I love the trip east through Grant County. They proudly tell you, with signs , all about their agriculture. "Highest potato producing county in the US!" (take that Idaho) Along the freeway fences there are signs that tell you what crop is growing... garden beans, sweet corn!!!!! , wheat alfalfa, alfalfa, alfalfa, Timothy hay, green manure (???!?) Now I always thought green manure was a by-product of some of the preceding crops. but it turns out it is a term for a crops like pea and clover used to nitrogen fix the soil and/or suppress weeds. It is plowed under to enrich and increase water retention.

Moses Lake and the Potholes are the north end of the Columbia Basin Wildlife Refuge. This complex is made up of many channeled scabland areas with a large number of lakes ponds and marshes. It is a year round bird refuge and a popular place for water recreation. You can meander the back roads finding pockets of life and surprises.

There are seeds everywhere. Grasses, shrubs and flowers. This beautiful Showy Milkweed caught my eye. Soft as can be, like goose down

Great Egret are currently the most noticeable bird. They should be on the move soon. Little pocket ponds are an oasis of green in this area

White Pelican also gather and make great use of the wet areas of eastern Washington.

South of Moses Lake , the Potholes are a maze of cut canyons with water pockets. They stretch south to Othello. Every Spring Othello has a Sandhill Crane Festival which celebrates these wonderful wetlands and the returning birds of Spring. To see a flock of thousands of Sandhills flying into a canyon is something to be seen and heard in person.

Continuing east the variety of crops give way to WHEAT. Rolling hills of wheat. I stayed in Ritzville, the county seat of Grant county. To be out in this area is to be solitary. The county population is ~17000. less than 10 people per square mile. Areas are large, distances pass quickly. It was full moon and even though clouds were rolling in, I jumped on a chance for a picture.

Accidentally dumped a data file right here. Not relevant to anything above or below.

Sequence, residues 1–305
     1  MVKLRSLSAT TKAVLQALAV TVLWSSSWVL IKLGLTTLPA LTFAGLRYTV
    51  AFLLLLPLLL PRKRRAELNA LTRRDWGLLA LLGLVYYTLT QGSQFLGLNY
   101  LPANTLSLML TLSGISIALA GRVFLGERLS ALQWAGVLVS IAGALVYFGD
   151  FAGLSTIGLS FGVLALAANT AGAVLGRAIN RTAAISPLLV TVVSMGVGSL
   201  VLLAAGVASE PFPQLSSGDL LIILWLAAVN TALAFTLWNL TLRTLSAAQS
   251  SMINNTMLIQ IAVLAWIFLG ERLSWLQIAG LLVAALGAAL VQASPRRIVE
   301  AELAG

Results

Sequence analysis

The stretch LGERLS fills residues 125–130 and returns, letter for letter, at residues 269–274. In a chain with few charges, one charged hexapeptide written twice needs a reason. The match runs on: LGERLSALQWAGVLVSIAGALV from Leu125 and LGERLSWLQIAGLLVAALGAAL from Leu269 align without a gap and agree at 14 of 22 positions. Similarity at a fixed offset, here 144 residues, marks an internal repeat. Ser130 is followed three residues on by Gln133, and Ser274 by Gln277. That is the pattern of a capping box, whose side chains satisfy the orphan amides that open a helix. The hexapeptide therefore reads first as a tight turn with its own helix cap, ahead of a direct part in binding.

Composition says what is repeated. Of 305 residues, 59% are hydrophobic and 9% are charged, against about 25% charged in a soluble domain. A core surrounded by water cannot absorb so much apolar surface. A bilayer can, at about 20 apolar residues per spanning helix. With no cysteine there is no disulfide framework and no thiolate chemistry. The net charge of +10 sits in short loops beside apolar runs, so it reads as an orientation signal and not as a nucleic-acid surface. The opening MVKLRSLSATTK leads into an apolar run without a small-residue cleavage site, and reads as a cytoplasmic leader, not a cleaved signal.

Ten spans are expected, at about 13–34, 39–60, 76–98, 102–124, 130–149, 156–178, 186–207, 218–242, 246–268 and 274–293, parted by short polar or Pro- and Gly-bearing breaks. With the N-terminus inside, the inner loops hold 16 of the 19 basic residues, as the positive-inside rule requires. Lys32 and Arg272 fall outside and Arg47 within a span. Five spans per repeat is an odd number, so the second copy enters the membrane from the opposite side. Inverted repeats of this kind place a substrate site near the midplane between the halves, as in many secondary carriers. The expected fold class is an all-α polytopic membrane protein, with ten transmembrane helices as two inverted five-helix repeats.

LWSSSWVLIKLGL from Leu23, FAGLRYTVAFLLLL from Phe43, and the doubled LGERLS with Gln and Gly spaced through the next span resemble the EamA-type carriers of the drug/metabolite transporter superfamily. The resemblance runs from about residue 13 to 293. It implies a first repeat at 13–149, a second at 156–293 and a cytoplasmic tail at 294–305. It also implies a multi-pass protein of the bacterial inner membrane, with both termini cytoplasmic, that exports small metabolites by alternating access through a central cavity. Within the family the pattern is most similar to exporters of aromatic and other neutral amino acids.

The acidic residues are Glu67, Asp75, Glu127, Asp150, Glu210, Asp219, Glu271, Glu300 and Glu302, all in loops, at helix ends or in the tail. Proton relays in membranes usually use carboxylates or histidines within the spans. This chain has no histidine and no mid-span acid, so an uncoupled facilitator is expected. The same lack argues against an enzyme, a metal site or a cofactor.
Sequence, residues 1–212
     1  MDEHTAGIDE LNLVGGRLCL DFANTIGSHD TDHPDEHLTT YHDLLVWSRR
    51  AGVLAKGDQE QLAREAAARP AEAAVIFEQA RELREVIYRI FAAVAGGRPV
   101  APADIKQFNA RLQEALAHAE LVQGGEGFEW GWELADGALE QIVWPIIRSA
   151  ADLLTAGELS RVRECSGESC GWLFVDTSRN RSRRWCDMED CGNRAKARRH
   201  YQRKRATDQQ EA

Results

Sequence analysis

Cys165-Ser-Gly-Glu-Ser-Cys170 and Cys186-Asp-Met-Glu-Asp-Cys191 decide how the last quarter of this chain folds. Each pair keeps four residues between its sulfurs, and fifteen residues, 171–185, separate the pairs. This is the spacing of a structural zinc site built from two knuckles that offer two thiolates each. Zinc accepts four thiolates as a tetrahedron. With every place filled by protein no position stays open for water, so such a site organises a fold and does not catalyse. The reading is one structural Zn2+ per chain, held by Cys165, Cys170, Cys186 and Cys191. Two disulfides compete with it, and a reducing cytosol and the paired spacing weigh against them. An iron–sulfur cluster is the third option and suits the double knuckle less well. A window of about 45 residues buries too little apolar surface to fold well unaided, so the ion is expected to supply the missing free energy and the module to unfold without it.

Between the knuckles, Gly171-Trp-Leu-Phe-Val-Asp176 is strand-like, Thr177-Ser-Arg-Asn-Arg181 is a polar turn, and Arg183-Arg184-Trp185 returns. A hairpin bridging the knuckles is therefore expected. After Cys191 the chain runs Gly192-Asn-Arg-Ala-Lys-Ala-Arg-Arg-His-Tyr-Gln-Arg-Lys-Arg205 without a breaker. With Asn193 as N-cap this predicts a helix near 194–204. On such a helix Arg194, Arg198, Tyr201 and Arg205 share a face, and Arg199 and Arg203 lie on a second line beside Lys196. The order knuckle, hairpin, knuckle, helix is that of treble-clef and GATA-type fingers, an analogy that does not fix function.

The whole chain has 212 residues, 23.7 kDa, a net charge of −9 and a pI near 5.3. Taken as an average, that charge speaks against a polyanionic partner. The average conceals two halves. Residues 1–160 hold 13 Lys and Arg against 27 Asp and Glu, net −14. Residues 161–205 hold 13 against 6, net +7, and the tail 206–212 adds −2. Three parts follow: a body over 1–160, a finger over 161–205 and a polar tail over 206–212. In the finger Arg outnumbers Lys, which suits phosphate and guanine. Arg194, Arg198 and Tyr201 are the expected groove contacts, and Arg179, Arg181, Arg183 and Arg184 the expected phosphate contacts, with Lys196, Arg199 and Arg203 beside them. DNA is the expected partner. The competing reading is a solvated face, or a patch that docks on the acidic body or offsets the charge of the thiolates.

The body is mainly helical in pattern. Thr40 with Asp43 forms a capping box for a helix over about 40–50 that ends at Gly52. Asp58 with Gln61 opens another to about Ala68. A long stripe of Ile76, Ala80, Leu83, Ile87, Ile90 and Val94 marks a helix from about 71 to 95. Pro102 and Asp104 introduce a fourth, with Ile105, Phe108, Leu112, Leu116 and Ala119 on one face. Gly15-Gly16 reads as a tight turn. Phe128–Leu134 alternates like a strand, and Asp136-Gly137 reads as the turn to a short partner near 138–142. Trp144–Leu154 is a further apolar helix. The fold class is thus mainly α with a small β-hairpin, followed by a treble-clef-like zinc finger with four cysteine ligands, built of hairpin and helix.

My camera does not do justice to the beauty but I hope it conveys the simple "loneness" of the area.


  1. You make me want to visit Washington State. Since I hate flying, that is not likely. So, I love seeing the state through your eyes. It's so different from our gentle area, yet, in many ways, just the same.


  2. Thanks Louise. I know some Fall I am going to be knocking on your door as I journey through the NE looking for all that Fall Color we don't have here.

    One word


    The Potholes is great kayaking ;-)

  3. I was driving home from Virginia a few days ago, with a friend. She's already retired, and I'm done with work at the end of the year. We were discussing all of the wonderful places that we have not seen in New York State, and talking of taking many day trips. So, maybe then, I'll create a blog of my own, to share the sights in what I have always considered a very beautiful state.